Young women from forest-dwelling communities living in the buffer area of Kanha National Park are empowering themselves by educating children using unique activity-based methods designed based on the socio-ecological context of the landscape.
Malti Yadav, 23, an educator at Earth Focus Foundation, conducts a storytelling activity for children at Anand Ghar (spaces established by the NGO where activity-based education is given to children from tribal communities) in Manjitola. She always aspired to be a teacher but had to abandon her education after class 12 for two years due to financial instability in her family. “I felt like my life came to a stop. After I joined the NGO, I saw the huge difference between the quality of education that the organisation provided through its play-based teaching methods and the one that usually involves rote learning,” says Yadav
Malti Yadav prepares tea for her family. She belongs to the Ahir community of traditional non-elite pastoralists. Most land around Kanha is owned by people from the Gond and Baiga communities. As Yadav’s family doesn’t own any land, their house is made on a small patch provided by the government which is not enough for agriculture. They cultivate rice on a third person’s land and half the profits go to the landowners. “If I hadn’t joined Earth Focus, I would have got married. Now I can pursue my dream of becoming a teacher and provide good education to the children of my village,” she says
Sanjana Meravi reads her notes during a teacher training session conducted at Earth Focus Foundation’s campus. “I didn’t like studying or getting involved in extracurricular activities at school. After joining the NGO’s education programme, I realised that subjects like mathematics and language can be taught in a fun way. If these methods were used to educate me too, I would probably be more successful today,” says Meravi, who is now learning computer use while simultaneously teaching the children at Dhondiyatola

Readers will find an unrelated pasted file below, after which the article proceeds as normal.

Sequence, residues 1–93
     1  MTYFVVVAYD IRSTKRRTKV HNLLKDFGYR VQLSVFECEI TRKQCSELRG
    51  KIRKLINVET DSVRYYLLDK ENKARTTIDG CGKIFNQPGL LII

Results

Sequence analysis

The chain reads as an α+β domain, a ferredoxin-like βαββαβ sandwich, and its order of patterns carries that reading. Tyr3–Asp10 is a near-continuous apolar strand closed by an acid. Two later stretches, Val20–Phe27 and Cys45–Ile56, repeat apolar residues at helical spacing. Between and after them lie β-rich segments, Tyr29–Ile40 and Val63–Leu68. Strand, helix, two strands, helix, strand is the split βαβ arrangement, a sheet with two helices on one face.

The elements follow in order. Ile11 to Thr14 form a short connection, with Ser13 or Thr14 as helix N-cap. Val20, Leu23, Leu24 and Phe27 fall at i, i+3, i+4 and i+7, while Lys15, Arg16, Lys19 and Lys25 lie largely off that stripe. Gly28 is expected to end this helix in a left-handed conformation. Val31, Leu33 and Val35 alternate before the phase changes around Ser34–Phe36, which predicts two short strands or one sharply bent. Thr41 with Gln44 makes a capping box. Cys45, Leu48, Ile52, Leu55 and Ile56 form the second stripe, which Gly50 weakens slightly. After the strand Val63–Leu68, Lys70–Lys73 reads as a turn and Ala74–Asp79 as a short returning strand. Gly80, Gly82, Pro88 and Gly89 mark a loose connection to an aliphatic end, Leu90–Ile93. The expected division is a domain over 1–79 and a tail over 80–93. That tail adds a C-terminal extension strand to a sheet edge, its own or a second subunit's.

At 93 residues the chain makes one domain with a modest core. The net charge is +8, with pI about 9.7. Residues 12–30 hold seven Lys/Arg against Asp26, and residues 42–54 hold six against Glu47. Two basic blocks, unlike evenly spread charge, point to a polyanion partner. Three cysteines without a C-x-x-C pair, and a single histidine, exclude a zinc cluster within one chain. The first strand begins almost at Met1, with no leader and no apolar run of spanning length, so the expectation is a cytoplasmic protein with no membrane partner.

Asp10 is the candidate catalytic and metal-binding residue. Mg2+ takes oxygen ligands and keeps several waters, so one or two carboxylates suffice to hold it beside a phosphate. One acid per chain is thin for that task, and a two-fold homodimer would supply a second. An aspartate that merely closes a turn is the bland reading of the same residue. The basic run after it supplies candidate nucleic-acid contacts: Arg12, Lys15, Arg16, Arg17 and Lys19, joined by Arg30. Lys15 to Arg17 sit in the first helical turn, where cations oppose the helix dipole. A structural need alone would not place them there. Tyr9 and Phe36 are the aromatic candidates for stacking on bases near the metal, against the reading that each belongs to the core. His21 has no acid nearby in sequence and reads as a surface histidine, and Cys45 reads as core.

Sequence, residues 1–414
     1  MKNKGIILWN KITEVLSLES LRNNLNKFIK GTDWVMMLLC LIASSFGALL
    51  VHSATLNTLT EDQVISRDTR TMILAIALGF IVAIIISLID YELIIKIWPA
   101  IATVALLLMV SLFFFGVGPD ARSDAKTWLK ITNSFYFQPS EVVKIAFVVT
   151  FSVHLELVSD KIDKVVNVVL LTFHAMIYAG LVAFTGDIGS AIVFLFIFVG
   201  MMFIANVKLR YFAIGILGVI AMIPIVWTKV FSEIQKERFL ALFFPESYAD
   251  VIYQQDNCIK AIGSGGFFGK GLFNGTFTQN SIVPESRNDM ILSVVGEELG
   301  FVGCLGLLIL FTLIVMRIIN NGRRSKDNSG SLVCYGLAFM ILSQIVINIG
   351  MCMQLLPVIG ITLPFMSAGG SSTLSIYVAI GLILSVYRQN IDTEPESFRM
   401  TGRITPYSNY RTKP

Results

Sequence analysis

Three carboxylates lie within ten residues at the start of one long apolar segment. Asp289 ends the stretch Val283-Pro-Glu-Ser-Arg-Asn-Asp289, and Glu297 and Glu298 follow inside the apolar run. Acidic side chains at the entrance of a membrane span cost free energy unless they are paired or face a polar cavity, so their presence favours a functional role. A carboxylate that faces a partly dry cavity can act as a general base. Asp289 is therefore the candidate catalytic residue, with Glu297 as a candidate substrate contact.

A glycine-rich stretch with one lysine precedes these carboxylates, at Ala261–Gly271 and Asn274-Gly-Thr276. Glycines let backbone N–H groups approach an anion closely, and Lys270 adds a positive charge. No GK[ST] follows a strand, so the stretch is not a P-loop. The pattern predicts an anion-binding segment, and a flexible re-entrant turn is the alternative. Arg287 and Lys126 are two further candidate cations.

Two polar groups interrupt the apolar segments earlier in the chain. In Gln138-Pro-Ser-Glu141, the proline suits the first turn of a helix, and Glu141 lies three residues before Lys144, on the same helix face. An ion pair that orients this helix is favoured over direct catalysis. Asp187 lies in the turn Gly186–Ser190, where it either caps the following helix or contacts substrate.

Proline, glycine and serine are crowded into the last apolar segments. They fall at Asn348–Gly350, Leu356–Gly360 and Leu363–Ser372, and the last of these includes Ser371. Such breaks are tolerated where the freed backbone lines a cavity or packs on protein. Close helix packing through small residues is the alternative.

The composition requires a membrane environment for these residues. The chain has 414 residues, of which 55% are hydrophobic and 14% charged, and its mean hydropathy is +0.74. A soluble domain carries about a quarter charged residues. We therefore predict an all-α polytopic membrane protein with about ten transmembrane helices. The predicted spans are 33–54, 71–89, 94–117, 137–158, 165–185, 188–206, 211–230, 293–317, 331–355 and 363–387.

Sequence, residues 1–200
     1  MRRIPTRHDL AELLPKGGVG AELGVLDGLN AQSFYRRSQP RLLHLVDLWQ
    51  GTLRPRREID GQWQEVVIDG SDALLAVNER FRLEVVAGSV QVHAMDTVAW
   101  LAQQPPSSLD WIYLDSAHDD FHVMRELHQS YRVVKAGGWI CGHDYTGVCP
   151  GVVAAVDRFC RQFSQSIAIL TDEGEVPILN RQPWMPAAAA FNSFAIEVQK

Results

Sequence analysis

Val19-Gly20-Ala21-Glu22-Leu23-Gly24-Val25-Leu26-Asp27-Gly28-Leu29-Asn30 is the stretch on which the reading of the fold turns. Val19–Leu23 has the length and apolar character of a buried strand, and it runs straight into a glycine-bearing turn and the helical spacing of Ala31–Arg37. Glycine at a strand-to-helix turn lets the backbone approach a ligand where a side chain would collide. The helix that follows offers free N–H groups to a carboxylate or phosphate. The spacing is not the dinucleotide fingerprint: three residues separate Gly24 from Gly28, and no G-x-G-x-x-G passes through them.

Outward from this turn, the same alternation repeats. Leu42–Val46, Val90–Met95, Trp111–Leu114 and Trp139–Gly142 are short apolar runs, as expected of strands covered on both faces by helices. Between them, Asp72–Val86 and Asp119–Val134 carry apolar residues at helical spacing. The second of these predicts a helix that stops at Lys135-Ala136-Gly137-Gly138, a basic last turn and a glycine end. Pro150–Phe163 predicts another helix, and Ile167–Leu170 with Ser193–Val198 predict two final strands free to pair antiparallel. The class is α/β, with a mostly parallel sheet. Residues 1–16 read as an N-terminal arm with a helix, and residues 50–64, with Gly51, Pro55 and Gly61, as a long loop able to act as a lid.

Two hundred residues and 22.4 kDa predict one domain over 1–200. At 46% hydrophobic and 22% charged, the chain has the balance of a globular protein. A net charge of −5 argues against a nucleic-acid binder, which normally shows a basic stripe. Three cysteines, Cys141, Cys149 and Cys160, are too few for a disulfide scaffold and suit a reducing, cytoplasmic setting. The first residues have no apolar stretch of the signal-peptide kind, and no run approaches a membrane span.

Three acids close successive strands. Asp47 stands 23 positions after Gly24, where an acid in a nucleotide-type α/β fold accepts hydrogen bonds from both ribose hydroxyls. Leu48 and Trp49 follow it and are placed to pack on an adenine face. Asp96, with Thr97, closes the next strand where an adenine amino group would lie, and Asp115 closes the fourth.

Sanjana Meravi looks on as her students sing at a Bal Sabha at Anand Ghar, Dhondiyatola. “If a teacher only talks about studying every day, the children develop resentment towards the teacher as well as the process of education. I love dancing but wasn’t encouraged to express my talents. So I encourage my students to perform at the Bal Sabha organised every Saturday. Looking at them showcase their talents makes me want to go back to school. All my friends have moved out and have either got married or gone to the city for a job. So now my only friends are these children and my fellow shiksha preraks. I share a special connection with each of them.”
Hansi Pandre walks to Anand Ghar, Baigatola, with a child. Pandre is a mother to three children, two of whom study in her classroom. She was a housewife before she joined Earth Focus Foundation’s education programme. “Sometimes I bring the pre-primary children of the village along with me to school since I walk to school with my own children. Initially, I had to call almost all of them from their homes. Now they love coming to school. They have started communicating and grasping the concepts quickly“
Hansi Pandre paints during a workshop conducted at Earth Focus Foundation campus. “I noticed that the education my children were receiving was not good enough for their personal development. So I decided to teach them myself. But first I had to learn new methods of teaching to make learning more engaging for the children. Joining the NGO has enhanced my knowledge and skills. I wish to spread information about Earth Focus’ teaching methods with others outside my village as well but I first want to ensure that every child in Baigatola is well educated,” she says, holding a painting in her hand that depicts her vision of an ideal village
Pushpa Markam works as a shiksha prerak in Anand Ghar, Chicharangpur. “I had to abandon my education after class 10 because there was no high school near my house. When I got the opportunity to join the NGO’s education programme, I thought it could bring about a change in my life. Teaching the children here hasn’t been easy. They are not encouraged by their parents to attend school and are made to help their parents in their work. Initially, I had to call them from their homes and also help their parents get them ready for school. But now they say they miss me even if I don’t go for one day,” says Markam. She has resumed her education now that there is a high school near her village and wants to work for the agriculture department in the future.
Raoul-Ross D’souza is a former communications and outreach intern for Earth Focus Foundation and a freelance photographer and videographer with a passion to build a career as a multimedia journalist in the field of environmental/rural reporting.